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Member since: Fri Dec 19, 2003, 02:20 AM
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Monty Python to reunite for new show after 30 years

Monty Python to reunite for new show after 30 years
NOV 19, 2013

LONDON – The Monty Python comedy troupe is set to reunite for a new show in their first major collaboration in 30 years, member Terry Jones revealed Tuesday.

“We’re getting together and putting on a show — it’s real,” Jones told the BBC. “I’m quite excited about it. I hope it makes us a lot of money. I hope to be able to pay off my mortgage!”

The BBC reported that the new collaboration — the first major project since the 1983 film “Monty Python’s The Meaning Of Life” — would come in the form of a theater show.

Surviving Pythons John Cleese, Terry Gilliam, Eric Idle, Michael Palin and Jones — who are all in their 70s — are set to formally announce the new project at a press conference in London on Thursday.

The troupe...


New Ambassador Caroline Kennedy meets Emperor

Source: Japan Times

New Ambassador Caroline Kennedy meets Emperor
U.S. Ambassador Caroline Kennedy traveled by horse-drawn carriage to the Imperial Palace to present her credentials to Emperor Akihito on Tuesday, giving the public a rare look at a diplomatic tradition.

Hundreds of onlookers lined the avenues near the moat-ringed palace to snap pictures and wave as Kennedy, the 55-year-old daughter of the late President John F. Kennedy, waved back from inside the carriage.

In an unusual move, NHK showed Kennedy’s arrival at the Imperial Palace live, following the entourage from the air once it entered the palace gates.

...“Honored to present my credentials to His Majesty the Emperor of Japan. What a memorable day!” Kennedy tweeted later, sharing a photo of her alighting from the carriage at the palace’s Pine Hall.

Read more: http://www.japantimes.co.jp/news/2013/11/19/national/new-ambassador-caroline-kennedy-meets-japans-emperor/#.UovavCgyHdk

TEPCO plant engineer makes case that earthquake caused reactor cooling problem

Kimura authored paper titled “Leakage from the piping in the Fukushima No. 1 nuclear power plant caused by vibrations from the earthquake.” in September of this year.

Cracks in Tepco’s 3/11 narrative
NOV 17, 2013


The transient phenomena recorder records various measurements in a nuclear power plant at every one-hundredth of one second. It accumulates such data as a reactor’s output, pressure and temperature and coolant’s flowing volume. Analysis of these data makes it possible to accurately identify “process behaviors” or what is happening in an nuclear reactor.


...In analyzing the data, Kimura took special note of the fact that natural circulation of coolant stopped. Along with an isolation condenser, natural circulation of coolant constitutes the “lifeline” in case loss of all the power sources occurs. Even if a primary loop recirculation pump, which pumps coolant water into the reactor core, stops functioning due to loss of all the power sources, natural circulation of coolant is supposed to maintain 10 percent of normal core flow of coolant.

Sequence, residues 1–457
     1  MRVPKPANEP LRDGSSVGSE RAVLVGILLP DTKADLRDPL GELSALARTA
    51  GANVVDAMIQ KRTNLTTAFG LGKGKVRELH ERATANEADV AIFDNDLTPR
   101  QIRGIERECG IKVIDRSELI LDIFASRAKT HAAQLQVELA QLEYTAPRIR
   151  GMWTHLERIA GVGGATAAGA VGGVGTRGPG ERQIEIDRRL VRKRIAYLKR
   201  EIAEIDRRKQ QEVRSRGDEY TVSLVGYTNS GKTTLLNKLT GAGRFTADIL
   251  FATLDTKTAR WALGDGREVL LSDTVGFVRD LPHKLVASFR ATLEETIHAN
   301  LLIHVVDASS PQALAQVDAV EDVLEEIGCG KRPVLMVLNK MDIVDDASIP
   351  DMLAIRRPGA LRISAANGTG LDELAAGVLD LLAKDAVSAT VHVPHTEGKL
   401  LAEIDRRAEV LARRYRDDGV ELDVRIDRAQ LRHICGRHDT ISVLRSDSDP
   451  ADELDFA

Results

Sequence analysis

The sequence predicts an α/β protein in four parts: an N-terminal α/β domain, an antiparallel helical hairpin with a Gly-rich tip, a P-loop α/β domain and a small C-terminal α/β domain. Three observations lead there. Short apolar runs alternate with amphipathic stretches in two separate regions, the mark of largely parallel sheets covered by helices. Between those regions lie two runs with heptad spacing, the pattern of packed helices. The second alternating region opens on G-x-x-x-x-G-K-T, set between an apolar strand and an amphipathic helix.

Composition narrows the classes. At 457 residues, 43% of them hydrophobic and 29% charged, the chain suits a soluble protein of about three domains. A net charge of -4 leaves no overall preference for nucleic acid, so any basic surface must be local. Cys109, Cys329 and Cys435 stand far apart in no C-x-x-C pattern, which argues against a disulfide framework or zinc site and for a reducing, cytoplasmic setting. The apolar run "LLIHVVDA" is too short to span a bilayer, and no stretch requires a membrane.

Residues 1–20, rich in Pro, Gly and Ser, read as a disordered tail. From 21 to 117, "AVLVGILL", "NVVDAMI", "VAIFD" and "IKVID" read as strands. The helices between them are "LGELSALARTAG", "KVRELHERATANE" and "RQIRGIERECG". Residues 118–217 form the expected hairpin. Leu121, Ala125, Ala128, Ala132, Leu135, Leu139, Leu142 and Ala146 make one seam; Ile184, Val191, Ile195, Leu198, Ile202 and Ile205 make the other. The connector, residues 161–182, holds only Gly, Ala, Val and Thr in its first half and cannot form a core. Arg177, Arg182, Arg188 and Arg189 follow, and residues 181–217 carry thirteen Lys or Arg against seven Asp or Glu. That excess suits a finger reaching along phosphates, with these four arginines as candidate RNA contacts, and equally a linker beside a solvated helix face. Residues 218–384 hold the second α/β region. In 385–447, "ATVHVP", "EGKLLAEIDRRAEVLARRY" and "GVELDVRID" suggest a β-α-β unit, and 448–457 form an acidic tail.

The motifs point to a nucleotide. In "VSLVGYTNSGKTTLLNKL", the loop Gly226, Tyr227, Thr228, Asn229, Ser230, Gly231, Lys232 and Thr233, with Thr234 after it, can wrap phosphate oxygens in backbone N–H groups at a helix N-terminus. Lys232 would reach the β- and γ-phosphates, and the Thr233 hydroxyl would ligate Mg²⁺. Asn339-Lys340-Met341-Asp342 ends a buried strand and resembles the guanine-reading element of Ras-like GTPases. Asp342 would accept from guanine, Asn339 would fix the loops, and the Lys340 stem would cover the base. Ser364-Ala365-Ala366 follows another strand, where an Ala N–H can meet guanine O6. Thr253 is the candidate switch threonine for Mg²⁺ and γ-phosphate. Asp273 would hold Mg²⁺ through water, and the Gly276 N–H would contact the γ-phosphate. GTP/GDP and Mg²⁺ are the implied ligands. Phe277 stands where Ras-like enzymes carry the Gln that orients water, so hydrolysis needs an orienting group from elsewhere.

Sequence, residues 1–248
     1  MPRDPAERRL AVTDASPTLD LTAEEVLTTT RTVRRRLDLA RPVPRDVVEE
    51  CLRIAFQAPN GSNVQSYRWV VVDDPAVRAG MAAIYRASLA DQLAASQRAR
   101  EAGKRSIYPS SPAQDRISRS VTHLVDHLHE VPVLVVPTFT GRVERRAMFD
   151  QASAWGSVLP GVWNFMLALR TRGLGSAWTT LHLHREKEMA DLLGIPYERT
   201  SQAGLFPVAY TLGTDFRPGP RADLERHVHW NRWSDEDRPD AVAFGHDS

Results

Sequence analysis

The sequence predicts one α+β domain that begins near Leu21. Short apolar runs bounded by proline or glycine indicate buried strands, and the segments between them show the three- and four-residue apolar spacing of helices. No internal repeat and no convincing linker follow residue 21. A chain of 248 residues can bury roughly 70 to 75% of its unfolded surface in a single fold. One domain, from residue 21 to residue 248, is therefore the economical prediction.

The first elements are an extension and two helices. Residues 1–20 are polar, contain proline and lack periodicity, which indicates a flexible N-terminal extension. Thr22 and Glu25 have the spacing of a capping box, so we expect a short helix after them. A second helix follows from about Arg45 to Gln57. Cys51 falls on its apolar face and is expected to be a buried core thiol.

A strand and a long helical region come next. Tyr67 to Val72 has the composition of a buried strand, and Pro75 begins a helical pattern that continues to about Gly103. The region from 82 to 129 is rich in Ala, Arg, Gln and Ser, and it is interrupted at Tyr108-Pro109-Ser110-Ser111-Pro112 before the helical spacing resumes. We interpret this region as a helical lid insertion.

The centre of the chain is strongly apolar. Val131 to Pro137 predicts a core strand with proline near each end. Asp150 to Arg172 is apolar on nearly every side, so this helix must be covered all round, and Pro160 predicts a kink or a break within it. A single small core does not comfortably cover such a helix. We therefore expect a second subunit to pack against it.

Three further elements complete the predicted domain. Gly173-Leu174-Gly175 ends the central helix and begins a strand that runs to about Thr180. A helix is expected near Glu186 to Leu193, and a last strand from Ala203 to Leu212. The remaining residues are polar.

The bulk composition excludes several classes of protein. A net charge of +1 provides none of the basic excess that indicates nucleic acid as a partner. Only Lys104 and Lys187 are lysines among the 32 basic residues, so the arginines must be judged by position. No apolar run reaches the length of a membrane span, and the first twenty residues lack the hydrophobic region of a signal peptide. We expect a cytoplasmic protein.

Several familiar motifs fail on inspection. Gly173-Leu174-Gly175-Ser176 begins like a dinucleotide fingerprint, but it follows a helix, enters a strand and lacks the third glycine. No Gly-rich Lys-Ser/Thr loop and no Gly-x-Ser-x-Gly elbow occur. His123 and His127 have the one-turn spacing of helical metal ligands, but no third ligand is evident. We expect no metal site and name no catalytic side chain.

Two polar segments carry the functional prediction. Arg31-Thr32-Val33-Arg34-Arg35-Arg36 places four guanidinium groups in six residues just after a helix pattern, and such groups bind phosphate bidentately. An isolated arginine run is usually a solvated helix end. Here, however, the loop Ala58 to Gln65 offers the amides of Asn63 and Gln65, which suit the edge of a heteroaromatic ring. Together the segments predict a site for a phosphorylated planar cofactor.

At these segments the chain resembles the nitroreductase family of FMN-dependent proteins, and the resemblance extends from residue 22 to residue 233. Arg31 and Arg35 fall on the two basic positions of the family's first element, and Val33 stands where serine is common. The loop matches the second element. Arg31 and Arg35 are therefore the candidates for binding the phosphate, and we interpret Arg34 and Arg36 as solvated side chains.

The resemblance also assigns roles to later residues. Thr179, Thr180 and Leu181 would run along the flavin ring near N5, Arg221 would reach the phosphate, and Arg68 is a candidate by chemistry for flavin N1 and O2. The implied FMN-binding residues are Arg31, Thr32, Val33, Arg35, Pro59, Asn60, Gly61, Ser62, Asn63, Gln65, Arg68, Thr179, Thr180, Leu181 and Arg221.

Analysis of the data showed, however, that immediately after the earthquake hit, about 30 percent of coolant inside the core started flowing backwards and that after the coolant flow returned to the normal flow direction, the core flow fluctuated and eventually became less than zero. All these occurred before the nuclear power plant was struck by the tsunami.

Why is it that cooling by natural circulation of coolant became dysfunctional along with the isolation condenser right after the earthquake? Kimura believes that piping rupture was the very cause of the loss of these two “lifelines”

There are a couple of phenomena that seem to correspond to what Kimura believes happened. One is that a pump designed to draw up water from the bottom of the containment vessel seems to have been activated frequently, indicating that damage to piping caused coolant to leak and accumulate at the bottom of the vessel.

The other is that radioactive contamination was taking place at a much faster rate than was estimated by Tepco....

The article goes on to discuss the consequences to Japan's nuclear program should they acknowledge that the rather distant earthquake caused the cooling failure. It is important to know that the earthquake at its epicenter was vastly stronger than the forces that hit the nuclear plant and that instruments at the plant show that the quake forces there exceeded design parameters of the plant by just a small amount.

Hybrid Elec Porsche 918 does 0-62mph in 2.6 seconds & 0-124mph in 7.2 seconds